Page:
Although you've allocated significant time and resources to keep your house looking great over the years, your home soon may be just one of many houses that is available to property buyers. But if you analyze your residence's strengths and weaknesses, you may be able to identify opportunities to improve your house and differentiate it from others in a competitive real estate market.
Oftentimes, it helps to conduct a house inspection before you list a residence. This inspection will enable you to receive a comprehensive analysis of your house from a property expert. Then, you can use an inspection report to prioritize home improvement projects and upgrade your house accordingly.
2. Set an Aggressive Initial Asking Price
What you initially paid for your house is unlikely to match your home's present value. However, if you analyze the real estate market, you may be better equipped than ever before to establish an aggressive initial asking price for your residence.
Take a look at the prices of available houses in your city or town that are comparable to your own residence. By doing so, you can narrow the price range for homes in your region.
Furthermore, a home appraisal may prove to be exceedingly valuable. An appraisal enables you to receive a property valuation based on your house's condition, age and the current state of the real estate sector. With this appraisal in hand, you can set an asking price for your house that will hit the mark with many potential buyers.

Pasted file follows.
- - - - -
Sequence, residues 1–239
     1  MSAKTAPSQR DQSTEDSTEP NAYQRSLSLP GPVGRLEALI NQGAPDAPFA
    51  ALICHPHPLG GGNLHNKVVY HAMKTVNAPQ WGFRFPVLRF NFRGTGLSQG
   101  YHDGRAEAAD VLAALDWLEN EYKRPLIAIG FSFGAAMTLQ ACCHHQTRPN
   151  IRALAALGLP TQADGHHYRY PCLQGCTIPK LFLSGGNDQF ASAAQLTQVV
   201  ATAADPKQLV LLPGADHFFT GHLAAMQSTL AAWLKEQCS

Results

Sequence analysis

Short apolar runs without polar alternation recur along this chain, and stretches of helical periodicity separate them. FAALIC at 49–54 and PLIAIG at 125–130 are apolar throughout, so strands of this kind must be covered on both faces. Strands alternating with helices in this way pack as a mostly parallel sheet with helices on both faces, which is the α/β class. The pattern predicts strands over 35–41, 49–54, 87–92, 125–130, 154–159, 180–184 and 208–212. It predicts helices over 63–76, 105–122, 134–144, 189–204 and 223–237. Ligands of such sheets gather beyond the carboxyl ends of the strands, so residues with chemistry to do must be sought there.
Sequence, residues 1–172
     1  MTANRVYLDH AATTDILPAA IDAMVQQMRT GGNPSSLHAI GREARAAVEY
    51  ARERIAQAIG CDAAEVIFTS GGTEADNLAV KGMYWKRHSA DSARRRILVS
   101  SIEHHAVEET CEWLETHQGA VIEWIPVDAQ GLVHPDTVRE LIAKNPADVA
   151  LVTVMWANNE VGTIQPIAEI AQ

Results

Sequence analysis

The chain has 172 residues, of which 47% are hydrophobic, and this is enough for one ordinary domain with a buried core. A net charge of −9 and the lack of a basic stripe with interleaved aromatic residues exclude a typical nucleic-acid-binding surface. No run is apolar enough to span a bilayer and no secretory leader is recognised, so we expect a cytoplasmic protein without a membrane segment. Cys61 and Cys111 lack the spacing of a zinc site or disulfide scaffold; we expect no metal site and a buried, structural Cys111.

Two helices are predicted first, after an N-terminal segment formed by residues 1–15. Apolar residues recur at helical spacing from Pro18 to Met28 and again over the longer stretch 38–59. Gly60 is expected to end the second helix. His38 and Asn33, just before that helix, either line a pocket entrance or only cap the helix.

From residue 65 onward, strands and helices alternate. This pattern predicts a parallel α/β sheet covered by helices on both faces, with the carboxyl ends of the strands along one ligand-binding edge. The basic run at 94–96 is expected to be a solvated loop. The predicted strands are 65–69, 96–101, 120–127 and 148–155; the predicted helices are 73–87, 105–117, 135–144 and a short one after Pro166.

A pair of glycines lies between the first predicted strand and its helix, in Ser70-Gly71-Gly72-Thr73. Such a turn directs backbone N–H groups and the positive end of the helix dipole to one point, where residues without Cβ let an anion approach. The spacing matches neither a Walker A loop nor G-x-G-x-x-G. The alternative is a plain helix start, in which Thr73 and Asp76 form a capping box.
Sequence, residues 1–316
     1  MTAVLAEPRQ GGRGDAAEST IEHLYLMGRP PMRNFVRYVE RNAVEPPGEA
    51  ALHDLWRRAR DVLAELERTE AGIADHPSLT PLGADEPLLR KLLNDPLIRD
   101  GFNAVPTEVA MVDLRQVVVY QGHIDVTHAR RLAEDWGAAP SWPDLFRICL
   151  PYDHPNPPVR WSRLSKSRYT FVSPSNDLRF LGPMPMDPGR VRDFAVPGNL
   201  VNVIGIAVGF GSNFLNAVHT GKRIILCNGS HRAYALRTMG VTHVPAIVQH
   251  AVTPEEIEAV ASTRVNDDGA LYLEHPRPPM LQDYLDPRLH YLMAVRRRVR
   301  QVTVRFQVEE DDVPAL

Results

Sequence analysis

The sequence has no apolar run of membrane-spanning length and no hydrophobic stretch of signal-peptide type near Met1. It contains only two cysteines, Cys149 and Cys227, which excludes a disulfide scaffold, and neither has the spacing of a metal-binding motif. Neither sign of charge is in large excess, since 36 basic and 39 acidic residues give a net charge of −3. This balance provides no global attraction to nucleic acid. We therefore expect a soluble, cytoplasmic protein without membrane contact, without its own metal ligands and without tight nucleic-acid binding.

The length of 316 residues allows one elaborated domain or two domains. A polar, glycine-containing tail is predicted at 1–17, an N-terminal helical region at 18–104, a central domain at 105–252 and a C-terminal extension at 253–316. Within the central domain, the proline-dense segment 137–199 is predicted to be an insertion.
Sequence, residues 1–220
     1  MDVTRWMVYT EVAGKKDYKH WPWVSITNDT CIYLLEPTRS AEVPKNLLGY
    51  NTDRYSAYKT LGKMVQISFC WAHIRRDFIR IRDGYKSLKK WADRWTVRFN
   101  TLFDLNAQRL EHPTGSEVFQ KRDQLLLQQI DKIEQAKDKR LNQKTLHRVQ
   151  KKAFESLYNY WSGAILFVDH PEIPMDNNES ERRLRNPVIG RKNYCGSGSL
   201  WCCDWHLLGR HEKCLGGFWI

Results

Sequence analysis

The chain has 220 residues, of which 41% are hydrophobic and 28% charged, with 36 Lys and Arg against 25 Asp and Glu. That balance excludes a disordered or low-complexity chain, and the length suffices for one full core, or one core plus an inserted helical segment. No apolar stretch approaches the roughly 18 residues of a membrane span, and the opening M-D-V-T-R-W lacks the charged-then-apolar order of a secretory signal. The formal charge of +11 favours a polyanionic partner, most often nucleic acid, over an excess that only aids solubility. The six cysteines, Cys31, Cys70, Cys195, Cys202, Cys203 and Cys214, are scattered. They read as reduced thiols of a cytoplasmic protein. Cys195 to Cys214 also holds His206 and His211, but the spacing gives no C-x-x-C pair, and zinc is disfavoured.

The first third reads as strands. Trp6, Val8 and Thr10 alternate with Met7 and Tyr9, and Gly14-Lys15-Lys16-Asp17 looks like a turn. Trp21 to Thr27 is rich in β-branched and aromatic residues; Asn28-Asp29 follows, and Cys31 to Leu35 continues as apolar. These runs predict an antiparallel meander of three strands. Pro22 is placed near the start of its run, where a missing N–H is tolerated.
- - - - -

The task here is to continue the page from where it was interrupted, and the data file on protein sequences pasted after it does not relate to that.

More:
3. Collaborate with a Real Estate Agent
Even a home seller who is persistent and intelligent may require additional help to achieve the optimal results. Fortunately, real estate agents are available who can make it simple for a home seller to maximize his or her home sale earnings.
A real estate agent is a housing market expert who is unafraid to be honest with a home seller. This housing market professional will offer unbiased feedback about a residence's condition and provide recommendations to help a home seller improve his or her property. Plus, a real estate agent is happy to respond to a home seller's concerns and questions. This means a home seller can receive extensive housing market insights from his or her real estate agent and make informed decisions throughout the home selling journey.
When it comes to selling a home, there is no need to leave anything to chance. Take advantage of the aforementioned tips, and anyone can enter the real estate market as a smart home seller.